Question: How is Chancroid Treated?
Chancroid is treated with antibiotics. Patients are usually examined 3-7 days after treatment to see if it has been successful. Unsuccessful treatment can occur if you do not take the drugs correctly, or if your infection is resistant to the antibiotic you were treated with. Patients with HIV and uncircumcised male patients do not respond as well to treatment as others, and may need additional follow-up.
If you have been diagnosed with chancroid, any sexual partners you had within 10 days before you started to have symptoms should be examined and treated as well – whether or not they have symptoms.
The drug regimens below are taken from the the Centers for Disease Control 2010 STD treatment guidelines. Remember that only your doctor can say which treatment is right for you.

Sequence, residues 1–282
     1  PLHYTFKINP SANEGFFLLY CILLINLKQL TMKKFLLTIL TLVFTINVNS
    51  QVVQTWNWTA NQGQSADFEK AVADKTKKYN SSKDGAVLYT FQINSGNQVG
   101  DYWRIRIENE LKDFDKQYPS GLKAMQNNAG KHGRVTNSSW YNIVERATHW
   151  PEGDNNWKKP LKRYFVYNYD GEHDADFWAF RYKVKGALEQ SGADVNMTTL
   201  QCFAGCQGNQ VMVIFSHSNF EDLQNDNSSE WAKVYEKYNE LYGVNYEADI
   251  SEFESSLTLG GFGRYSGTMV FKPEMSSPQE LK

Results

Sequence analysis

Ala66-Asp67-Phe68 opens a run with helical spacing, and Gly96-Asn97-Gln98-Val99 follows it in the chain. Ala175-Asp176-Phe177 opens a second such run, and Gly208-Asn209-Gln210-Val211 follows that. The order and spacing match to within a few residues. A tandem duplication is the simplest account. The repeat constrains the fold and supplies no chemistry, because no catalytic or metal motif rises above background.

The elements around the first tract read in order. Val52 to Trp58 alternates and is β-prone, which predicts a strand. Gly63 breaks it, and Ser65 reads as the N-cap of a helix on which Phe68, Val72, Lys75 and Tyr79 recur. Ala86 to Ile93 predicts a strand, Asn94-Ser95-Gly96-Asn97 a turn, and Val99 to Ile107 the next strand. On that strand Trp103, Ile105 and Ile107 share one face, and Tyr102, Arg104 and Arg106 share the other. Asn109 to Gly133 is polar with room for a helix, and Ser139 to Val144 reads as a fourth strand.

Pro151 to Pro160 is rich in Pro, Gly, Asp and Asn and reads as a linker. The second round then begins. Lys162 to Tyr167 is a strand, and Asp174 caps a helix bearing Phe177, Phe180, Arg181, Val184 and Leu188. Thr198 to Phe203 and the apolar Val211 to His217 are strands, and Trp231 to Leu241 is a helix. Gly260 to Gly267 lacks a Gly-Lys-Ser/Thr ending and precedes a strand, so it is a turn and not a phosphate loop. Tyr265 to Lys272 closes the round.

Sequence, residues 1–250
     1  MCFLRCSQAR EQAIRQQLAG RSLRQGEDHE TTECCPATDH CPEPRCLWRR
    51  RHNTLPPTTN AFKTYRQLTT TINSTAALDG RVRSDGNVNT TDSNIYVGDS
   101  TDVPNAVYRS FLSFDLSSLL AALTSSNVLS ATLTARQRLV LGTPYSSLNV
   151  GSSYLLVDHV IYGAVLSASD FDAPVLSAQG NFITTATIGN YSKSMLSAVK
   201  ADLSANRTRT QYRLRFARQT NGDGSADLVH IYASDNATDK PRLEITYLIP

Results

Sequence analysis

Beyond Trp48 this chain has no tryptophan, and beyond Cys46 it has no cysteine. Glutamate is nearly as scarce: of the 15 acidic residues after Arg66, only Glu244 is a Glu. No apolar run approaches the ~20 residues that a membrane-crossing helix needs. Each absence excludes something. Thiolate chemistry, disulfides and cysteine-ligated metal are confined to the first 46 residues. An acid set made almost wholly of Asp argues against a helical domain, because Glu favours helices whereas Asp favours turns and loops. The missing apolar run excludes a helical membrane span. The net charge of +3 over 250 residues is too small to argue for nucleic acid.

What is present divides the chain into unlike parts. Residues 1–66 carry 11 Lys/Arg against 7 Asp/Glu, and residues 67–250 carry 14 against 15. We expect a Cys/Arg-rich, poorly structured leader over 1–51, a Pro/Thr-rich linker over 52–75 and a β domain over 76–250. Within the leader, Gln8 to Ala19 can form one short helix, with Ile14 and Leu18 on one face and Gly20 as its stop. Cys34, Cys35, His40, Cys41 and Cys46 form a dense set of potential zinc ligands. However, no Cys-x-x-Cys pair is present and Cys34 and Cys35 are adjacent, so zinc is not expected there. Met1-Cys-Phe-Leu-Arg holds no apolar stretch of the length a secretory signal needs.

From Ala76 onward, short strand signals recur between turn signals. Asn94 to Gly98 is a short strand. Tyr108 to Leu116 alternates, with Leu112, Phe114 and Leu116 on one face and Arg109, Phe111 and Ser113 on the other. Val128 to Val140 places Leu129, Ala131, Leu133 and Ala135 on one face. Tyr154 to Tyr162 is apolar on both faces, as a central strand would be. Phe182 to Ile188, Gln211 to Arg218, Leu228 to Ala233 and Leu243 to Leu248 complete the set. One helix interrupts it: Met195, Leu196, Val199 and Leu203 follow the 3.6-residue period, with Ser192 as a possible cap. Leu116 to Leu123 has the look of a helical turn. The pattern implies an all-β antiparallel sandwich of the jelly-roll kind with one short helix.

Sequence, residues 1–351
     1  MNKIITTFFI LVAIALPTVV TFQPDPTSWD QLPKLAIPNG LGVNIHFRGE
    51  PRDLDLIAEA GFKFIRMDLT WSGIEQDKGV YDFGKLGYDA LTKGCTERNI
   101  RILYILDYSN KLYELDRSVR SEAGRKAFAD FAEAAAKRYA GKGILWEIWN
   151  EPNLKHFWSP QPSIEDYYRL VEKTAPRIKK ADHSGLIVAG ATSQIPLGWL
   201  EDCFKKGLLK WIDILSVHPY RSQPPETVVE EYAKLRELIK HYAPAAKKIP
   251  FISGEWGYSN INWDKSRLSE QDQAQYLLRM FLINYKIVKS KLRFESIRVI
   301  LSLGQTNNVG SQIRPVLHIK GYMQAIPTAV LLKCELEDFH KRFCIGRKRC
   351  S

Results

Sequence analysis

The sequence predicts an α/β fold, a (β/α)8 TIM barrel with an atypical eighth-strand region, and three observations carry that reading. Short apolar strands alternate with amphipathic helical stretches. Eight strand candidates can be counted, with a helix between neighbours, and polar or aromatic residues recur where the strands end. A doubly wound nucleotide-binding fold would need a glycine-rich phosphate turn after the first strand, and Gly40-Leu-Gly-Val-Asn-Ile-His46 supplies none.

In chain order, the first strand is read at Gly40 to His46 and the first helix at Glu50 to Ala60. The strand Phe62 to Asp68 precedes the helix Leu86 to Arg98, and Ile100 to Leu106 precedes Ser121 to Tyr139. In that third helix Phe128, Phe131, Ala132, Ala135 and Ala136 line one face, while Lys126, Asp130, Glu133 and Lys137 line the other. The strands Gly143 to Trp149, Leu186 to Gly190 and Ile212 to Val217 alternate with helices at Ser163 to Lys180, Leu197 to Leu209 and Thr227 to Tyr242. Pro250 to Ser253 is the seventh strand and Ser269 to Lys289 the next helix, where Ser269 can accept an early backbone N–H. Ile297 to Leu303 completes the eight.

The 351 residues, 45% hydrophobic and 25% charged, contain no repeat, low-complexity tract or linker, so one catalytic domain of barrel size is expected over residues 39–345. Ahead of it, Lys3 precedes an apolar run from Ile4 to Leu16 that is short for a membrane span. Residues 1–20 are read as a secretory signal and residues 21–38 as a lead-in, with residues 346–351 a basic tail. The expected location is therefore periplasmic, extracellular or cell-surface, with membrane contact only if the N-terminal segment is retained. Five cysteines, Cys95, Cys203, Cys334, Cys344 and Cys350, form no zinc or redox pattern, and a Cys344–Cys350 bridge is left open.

Azithromycin 1 g orally in a single dose
Ceftriaxone 250 mg intramuscularly (IM) in a single dose
Ciprofloxacin* 500 mg orally twice a day for 3 days
Erythromycin base* 500 mg orally three times a day for 7 days
*Some strains of H. ducreyi, the bacterium that causes chancroid, have been reported to be resistant to these antibiotics.
Pregnant women should not be treated with ciprofloxacin.
If Treatment is Ineffective
If treatment for chancroid fails, your doctor may want to test you for other STDs, including HIV. Individuals who are coinfected with both HIV and chancroid are not only harder to treat, they may have more severe symptoms. Therefore, it important to look for other infections after a treatment failure, particularly since chancroid is becoming increasingly rare in the U.S.
Centers for Disease Control and Prevention. Sexually Transmitted Diseases Treatment Guidelines, 2010. MMWR 2010;59(No. RR-12). Accessed 7/19/2014 from: http://www.cdc.gov/std/treatment/2010